An old proverb goes “to learn a new language is to get a new soul.” Learning a new language doesn’t just make it easier to interact with other speakers of that language, it exposes you to different ideas and ways of thinking that may not necessarily be commonplace among the speakers of your own first language.
Foreign workers, travelers, students, and others who find themselves staying outside their home country for extended periods will always find it beneficial to learn the languages and dialects of the areas where they will be living. Not only does it prevent any serious communications issues, but it can also easily open up avenues for new friendships and professional relationships that you may value for the rest of your life.
However, not all languages are as easy to learn as the next. Someone who speaks English as a first language, for example, will tend to find it easier to learn German than they would Russian or Tagalog. Some popular countries for expats and travelers such as China, Korea, and Japan are homes to languages most Anglophones would find exceptionally difficult.
Luckily, there is some data on which languages are easier to learn. If you’re having trouble deciding which country you’d like to work or study in long-term, this information can be crucial in helping you decide.
What does the Foreign Service Institute say?
The US State Department’s Foreign Service Institute is the primary training institute for American diplomats and other members of the American foreign affairs community. The FSI teaches over 70 languages and 170,000 enrollees a year, not just from the State Department, but also from hundreds of other government organizations. Over several decades, they have compiled a large body on data about which languages are the most difficult to learn, at least for a monolingual English-speaking American.
The Foreign Service Institute divides languages into the following categories:
- Category I: 23-24 weeks (575-600 hours)
- Category II: 30 weeks (750 hours)
- Category III: 36 weeks (900 hours)
- Category IV: 44 weeks (1100 hours)
- Category V: 88 weeks (2200 hours)
Note that other linguists have their own opinions about which languages are “easy” or “difficult” to learn. The basis for the FSI’s categorizations is the similarity of the languages to English as well as their own experience with which languages Americans have problems with.
Factors that can speed up or slow down progress
The FSI categorizations assume that the learner is an adult monolingual English speaker. Almost 4 out of 5 Americans and Australians and about 2 out 3 Britons fall under this category.
However, this does not exactly ring true for the rest of the Anglosphere. Most English speakers around the world do in fact, learn English as a second or native language early in childhood, where language acquisition is fastest, giving them the upper hand when it comes to learning languages similar to the ones they grew up with. This means the FSI standards may not apply for multilingual learners who may be able to use their familiarity with more languages to their advantage.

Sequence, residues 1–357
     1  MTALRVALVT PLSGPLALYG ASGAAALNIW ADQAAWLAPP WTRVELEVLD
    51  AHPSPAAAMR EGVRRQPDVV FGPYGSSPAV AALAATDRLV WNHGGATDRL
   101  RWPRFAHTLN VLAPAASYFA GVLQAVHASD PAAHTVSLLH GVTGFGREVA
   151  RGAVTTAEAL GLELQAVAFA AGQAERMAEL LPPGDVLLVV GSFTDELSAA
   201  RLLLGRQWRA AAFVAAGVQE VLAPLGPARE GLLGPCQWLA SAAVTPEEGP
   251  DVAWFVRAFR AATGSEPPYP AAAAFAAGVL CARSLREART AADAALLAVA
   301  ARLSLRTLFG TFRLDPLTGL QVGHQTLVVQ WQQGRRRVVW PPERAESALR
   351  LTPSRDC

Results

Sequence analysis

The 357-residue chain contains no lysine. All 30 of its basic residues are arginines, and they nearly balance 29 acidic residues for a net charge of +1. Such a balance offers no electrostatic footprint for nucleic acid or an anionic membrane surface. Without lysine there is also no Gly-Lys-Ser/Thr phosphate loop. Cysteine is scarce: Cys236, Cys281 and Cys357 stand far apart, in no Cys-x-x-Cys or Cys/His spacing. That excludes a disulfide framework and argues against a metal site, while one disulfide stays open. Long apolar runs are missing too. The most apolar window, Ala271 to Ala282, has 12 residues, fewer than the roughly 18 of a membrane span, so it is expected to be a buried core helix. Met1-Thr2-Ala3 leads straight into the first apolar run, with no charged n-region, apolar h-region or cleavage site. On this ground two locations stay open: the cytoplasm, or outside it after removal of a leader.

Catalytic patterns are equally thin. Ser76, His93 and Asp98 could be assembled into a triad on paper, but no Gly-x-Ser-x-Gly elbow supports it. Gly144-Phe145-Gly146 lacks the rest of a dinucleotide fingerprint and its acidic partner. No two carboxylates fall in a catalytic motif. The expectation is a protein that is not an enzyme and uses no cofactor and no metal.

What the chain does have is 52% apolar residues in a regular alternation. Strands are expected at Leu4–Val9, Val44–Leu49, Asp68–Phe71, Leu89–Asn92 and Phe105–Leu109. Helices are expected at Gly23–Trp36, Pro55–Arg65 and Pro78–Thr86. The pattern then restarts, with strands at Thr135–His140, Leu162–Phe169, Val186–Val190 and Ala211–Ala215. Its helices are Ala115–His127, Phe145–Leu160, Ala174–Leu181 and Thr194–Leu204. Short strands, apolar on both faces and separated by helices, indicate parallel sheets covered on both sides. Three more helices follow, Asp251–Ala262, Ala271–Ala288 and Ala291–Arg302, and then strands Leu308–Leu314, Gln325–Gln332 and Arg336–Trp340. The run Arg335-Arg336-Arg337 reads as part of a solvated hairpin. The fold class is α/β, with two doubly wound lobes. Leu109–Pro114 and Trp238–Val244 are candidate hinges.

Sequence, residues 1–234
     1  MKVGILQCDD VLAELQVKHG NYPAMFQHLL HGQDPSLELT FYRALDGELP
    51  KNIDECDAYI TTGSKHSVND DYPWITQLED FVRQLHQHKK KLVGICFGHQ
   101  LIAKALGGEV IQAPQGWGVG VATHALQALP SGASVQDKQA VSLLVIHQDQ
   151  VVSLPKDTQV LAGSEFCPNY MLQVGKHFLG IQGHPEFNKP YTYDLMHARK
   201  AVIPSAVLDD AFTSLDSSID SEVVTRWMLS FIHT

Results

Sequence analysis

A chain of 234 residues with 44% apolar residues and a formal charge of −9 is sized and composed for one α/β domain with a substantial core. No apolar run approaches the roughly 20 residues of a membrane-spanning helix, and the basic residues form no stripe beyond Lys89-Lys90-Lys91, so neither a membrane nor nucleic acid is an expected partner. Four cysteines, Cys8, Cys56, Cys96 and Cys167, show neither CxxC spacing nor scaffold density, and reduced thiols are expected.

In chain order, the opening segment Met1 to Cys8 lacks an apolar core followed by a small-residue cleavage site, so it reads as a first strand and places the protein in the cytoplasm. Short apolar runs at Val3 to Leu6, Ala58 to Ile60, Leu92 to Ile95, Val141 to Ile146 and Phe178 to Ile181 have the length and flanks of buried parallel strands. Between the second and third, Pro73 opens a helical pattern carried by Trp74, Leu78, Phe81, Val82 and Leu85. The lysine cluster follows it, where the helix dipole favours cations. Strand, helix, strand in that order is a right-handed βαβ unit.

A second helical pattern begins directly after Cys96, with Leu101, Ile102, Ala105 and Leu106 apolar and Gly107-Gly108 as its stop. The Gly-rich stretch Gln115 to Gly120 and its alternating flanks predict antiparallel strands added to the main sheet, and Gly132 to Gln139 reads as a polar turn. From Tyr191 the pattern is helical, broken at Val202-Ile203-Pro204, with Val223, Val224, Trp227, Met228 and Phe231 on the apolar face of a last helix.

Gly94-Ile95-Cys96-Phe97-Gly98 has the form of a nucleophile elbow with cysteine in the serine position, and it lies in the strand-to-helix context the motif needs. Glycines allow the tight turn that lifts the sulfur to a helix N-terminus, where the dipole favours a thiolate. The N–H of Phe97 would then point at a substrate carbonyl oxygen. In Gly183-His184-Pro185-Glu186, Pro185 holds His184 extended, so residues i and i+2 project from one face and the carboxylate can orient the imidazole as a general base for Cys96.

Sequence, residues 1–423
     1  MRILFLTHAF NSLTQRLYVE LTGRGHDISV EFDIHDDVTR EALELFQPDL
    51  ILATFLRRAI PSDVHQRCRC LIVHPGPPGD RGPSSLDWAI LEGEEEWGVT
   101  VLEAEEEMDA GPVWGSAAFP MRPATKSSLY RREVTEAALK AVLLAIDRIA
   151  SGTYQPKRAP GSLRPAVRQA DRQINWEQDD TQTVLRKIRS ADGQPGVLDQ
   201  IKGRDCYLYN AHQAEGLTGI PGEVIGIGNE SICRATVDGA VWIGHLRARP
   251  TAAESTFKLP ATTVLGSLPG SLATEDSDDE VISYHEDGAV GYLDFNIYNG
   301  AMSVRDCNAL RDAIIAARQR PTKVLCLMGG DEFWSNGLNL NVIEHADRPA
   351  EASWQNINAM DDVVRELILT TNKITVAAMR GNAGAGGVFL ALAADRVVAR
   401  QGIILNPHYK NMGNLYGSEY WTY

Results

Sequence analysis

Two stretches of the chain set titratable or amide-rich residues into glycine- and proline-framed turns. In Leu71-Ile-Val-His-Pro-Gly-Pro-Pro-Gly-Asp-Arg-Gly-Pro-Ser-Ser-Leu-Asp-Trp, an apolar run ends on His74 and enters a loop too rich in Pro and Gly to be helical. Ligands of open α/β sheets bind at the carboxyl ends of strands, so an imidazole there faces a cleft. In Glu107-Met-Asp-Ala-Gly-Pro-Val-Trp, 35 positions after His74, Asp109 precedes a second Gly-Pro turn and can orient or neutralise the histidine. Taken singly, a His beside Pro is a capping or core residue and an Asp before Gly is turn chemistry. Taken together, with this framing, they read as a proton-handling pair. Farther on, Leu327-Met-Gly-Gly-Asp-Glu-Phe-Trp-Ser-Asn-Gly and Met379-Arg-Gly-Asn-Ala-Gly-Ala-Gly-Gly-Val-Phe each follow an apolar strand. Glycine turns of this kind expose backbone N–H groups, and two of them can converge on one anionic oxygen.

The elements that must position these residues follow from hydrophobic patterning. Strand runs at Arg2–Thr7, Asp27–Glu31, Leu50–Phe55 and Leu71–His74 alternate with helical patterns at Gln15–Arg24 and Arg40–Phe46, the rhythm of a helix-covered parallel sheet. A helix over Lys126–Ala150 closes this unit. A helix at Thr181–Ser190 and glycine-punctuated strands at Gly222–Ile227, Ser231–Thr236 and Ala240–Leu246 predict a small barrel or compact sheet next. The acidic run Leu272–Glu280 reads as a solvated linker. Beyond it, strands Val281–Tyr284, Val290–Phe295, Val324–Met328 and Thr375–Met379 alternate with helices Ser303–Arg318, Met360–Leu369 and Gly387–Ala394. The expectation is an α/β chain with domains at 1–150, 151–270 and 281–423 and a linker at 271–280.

As alluded to earlier, age also plays a critical factor. Children can learn naturally and easily without any formal teaching, and most children reach their peak of language-learning mastery before the age of seven. However, there is no reason an adult cannot achieve mastery of a new language as well.
Opinions differ on what exact mechanisms are at work, but it’s generally agreed language learners will learn much faster when they are immersed in the culture and language of their host country, compared to the clinical setting of a classroom.
It may well be due to an abundance of contextual, easy-to-see examples of the language being used in real life, compared to the clinical study in a classroom setting. There is also conjecture that constant exposure allows your brain to more easily make the necessary connections in patterns to allow language mastery.
Many linguists also emphasize the importance of actually talking in the language, which may give extroverted learners the advantage, though not all linguists agree with this.
How long does it take a monolingual English speaker to learn a foreign language?
Taking all those factors in mind, here’s how long the FSI estimates the average monolingual English speaker will take to master different languages.
* Asterisks denote a language that is harder than others in the same category.
Category I: 23-24 weeks / 575-600 hours
Languages closely related to English:
Category II: 30 weeks / 750 hours
Languages similar to English:
Category III: 36 weeks / 900 hours
Languages with linguistic differences from English:
Category IV: 44 weeks / 1100 hours
Languages with significant linguistic differences from English:
- Persian (Dari, Farsi, Tajik)
Category V: 88 weeks /2200 hours
Languages which are exceptionally difficult for native English speakers:
If you’re traveling abroad with the intent of learning the language of your host country, you’ll probably need to plan for the appropriate amount of time to get the results you desire. In any case, not everyone needs to be a master at the level of a foreign diplomat necessarily, though it’s still worth knowing how difficult a language might be to learn, regardless.
Whatever language you’re learning, where you end up going or how long you’re going to stay there, you’ll want international insurance coverage from an insurer like Now Health International. Learning a new language overseas is safer and easier when you’ve already got your health covered, after all!